As I prepared to move into the University of Southern California this past week, I went through a number of activities and responsibilities so that everything would be taken care of before I start school. The most taxing and fascinating process that occurred was the packing of the materials I needed for my apartment. Many people use the new year as a time to start afresh, and begin new journeys in their lives. Some people become so focused on where they are going that they forget to take necessary items and pieces of their past with them (continue reading…)
I started The Abyssinian fund 18 months ago out of my deep love for Africa and its people. The Abyssinian Fund is an organization committed to reducing poverty and creating programs for Ethiopians to better their lives. This past trip to Ethiopia helped to open my eyes to a world very different from my own as I connected with men, women and children who are directly benefiting from the work that we are doing in their village. I am also very grateful for my connection to The Abyssinian Baptist Church whose ministry continues to extend its helping hand beyond Harlem.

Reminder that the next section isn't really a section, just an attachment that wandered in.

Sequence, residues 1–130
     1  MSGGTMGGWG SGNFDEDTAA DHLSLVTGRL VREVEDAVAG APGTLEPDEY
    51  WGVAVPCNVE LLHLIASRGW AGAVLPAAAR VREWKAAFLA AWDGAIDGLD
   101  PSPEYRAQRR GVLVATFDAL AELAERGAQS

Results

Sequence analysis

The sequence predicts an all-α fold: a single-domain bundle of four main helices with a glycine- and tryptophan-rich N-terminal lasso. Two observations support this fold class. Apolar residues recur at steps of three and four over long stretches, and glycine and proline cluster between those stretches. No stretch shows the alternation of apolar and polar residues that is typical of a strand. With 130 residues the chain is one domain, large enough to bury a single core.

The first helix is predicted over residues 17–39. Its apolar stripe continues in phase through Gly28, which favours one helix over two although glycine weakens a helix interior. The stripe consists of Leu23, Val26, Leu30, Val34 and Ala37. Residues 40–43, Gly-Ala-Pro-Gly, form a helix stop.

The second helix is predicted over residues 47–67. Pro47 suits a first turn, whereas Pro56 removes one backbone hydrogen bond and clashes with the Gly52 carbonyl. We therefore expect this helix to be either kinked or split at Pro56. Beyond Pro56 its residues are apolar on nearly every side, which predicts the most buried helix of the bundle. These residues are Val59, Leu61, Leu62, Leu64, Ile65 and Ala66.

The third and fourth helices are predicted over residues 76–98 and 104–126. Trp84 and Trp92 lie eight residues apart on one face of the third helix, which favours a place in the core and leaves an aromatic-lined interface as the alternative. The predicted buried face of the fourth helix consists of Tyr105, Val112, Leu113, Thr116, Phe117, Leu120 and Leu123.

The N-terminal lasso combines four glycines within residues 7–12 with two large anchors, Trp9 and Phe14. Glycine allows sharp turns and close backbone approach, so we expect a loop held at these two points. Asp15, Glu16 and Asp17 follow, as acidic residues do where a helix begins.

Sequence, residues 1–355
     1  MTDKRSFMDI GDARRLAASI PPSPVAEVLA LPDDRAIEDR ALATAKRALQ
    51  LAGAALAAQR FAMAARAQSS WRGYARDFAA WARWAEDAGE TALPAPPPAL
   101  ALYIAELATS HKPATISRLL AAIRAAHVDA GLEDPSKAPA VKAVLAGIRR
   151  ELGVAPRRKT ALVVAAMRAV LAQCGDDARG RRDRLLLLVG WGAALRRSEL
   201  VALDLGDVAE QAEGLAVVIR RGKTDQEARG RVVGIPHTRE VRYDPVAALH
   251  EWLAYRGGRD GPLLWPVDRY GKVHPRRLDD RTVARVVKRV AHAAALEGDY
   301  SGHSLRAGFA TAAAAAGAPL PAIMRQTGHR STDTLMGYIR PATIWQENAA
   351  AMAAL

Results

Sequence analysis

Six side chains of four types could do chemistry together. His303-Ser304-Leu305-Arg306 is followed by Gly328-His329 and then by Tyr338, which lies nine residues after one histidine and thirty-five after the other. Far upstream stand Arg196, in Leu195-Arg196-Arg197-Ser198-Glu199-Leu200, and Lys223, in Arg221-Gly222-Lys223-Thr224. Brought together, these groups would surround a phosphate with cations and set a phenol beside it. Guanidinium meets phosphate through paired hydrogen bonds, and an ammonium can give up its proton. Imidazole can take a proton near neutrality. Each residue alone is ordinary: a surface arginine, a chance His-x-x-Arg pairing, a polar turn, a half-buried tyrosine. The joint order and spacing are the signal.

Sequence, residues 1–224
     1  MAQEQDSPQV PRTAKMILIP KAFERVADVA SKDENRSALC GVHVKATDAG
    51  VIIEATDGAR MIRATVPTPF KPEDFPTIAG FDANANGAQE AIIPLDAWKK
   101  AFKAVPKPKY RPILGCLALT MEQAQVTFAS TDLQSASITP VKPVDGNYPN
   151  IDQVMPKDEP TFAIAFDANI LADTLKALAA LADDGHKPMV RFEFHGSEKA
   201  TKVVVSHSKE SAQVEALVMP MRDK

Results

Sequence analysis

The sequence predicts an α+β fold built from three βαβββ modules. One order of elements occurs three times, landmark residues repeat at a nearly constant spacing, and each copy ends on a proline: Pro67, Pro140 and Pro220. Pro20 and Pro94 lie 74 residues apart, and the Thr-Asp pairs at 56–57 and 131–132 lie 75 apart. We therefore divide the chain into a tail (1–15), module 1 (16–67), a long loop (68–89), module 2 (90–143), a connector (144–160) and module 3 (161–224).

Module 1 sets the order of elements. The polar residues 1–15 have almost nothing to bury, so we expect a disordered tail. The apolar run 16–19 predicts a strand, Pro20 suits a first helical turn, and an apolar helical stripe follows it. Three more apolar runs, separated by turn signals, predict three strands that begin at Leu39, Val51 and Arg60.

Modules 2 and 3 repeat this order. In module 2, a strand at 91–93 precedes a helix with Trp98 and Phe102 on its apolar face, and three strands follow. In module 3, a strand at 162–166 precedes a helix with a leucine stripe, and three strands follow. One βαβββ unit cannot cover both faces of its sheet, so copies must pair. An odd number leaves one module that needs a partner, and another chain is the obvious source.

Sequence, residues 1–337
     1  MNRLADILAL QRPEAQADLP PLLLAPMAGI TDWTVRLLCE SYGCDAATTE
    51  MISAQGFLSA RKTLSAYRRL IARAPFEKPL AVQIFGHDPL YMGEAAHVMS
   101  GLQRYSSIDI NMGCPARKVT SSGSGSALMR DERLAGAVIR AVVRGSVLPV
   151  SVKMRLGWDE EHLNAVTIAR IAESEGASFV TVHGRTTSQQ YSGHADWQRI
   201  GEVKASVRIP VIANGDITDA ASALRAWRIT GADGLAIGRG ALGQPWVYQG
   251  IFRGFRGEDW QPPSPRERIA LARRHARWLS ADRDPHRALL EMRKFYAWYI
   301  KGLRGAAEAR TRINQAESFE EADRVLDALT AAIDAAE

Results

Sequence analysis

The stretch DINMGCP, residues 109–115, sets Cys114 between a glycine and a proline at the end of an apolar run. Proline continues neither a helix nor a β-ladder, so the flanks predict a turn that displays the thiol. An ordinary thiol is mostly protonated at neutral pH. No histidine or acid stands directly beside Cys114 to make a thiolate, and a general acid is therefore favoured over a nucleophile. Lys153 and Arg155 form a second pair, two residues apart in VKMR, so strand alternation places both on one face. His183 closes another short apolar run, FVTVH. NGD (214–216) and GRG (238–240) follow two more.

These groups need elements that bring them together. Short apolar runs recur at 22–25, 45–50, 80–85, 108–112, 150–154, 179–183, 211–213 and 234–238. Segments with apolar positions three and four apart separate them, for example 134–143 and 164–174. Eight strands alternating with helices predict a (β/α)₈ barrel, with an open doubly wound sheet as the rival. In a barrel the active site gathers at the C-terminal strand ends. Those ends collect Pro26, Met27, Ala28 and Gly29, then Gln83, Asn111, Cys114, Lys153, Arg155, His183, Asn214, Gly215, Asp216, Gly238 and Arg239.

Traveling is one of the best ways to experience different cultures and learn new things about the world and yourself (continue reading…)
Your brain evolved in three stages (to simplify a complex process):
Reptile — Brainstem, focused on AVOIDING harm
Mammal — Limbic system, focused on APPROACHING rewards
Primate — Cortex, focused on ATTACHING to “us”
With a fun use (to me, at least) of animal themes, the first JOT in this series — “Pet the Lizard” — was about how to soothe the most ancient structures of the brain, the ones that manage the first emotion of all: fear. The next one — “Feed the Mouse” — addressed how to help early mammalian neural systems feel rewarded and fulfilled. The third one — “Hug the Monkey” — was about weaving the sense of being included and loved into the primate cerebral cortex.
Of course, these three practices go way beyond their anatomical roots. The three primary motivational systems of your brain — avoiding harms, approaching rewards and attaching to “us” — draw on many neural networks to accomplish their goals (continue reading…)
NEWARK, N.J. — LeBron James swears he wasn’t trying to send a message, though his coach couldn’t help but notice.
For a quick take after each game, check the Heat Reaction.
• Heat Index | 3-on-3